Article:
The Inside Story on Office for iPad Running Windows 10
Running Office on your Windows 10 iPad works well, if you realize that running Office on a touch-first device is quite different from running it on a desktop or laptop. Microsoft’s done a more than credible job translating the big ol’ Office you’ve all known and loved for decades into a svelte and quick thing that does justice to the touch approach.
You may have heard that Microsoft released Office on the iPad even before it released Office on Windows tablets. It’s true — and remarkable. Office for iPad and Office for Windows/Mac share a few idiosyncrasies, but by and large they’re completely different programs. Although you can pick up a document in one and use it in the other — going both ways — and some of the concepts carry across, there’s a big gulf between the desktop/laptop versions of Office and the touch-first transmogrification on the iPad.
If you’ve ever tried to tap your way through the desktop version of Office on a mouseless machine, Office for iPad will blow you away. The interface runs rings around the desktop Office you’ve known for decades, for touch-first situations. But if you’re looking for a specific feature that’s in desktop Office, you may well come up empty-handed — in the move from desktop to iPad and other touch devices, wide swathes of features were cut.
The free version of Office for iPad is slightly different from the paid version of Office for iPad. For most people, the difference isn’t enough to sneeze at. If you want a detailed list of the differences between the free and paid (Premium) versions of Office for iPad, look at the official list and scroll down to the list marked Extra Features on Your iPad and iPhone with Office 365 or (if you have an Android device) Extra Features on Your Android Tablet and Phone with Office 365. Most people will find the differences underwhelming.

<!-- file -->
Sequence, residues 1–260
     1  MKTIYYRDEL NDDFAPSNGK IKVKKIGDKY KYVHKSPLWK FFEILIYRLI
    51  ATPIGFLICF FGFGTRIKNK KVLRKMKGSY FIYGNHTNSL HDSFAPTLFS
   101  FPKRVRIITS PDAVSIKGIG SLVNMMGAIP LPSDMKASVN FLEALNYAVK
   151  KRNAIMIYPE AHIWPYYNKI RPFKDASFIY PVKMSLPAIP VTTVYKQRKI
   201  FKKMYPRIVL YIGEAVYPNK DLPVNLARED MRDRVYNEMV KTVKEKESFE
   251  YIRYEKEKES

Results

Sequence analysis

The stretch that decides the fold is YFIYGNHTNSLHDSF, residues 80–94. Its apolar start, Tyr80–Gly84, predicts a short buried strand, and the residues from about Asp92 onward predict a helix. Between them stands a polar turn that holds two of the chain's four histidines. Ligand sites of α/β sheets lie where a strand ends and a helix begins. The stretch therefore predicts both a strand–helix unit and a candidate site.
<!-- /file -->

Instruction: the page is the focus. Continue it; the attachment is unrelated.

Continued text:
Here’s what you need to know about getting Office for iPad.
Fire up your iPad, hop over to the App Store, search for Office, and install Word, PowerPoint, and Excel. That gives you the free version. When you first start Word, Excel, or PowerPoint for iPad, you’re asked to provide either a Microsoft account or an Office 365 account (see the following figure).
If you (or your organization) haven’t yet paid for an Office 365 subscription, or if you’d rather save that Office 365 license for a different device, you should ask yourself if you really need to pay for your copy of Office for iPad. Surprisingly, the paid Office 365 account gives you only a few more features.
Note that you get one Office for iPad license when you buy Office 365 Personal, five when you buy Office 365 Home or Office 365 Business or Business Premium, but you don’t get any licenses with Office 365 Home & Student or with Office 365 Business Essentials.
After you have Office for iPad working, there’s a whole world of new but familiar features — fonts, page layouts, picture manipulation. The commands are arranged a little different from what you may know on the desktop side of the fence, but most of what you use is right there, lurking somewhere (see the following figure). For example, tracked changes work just fine.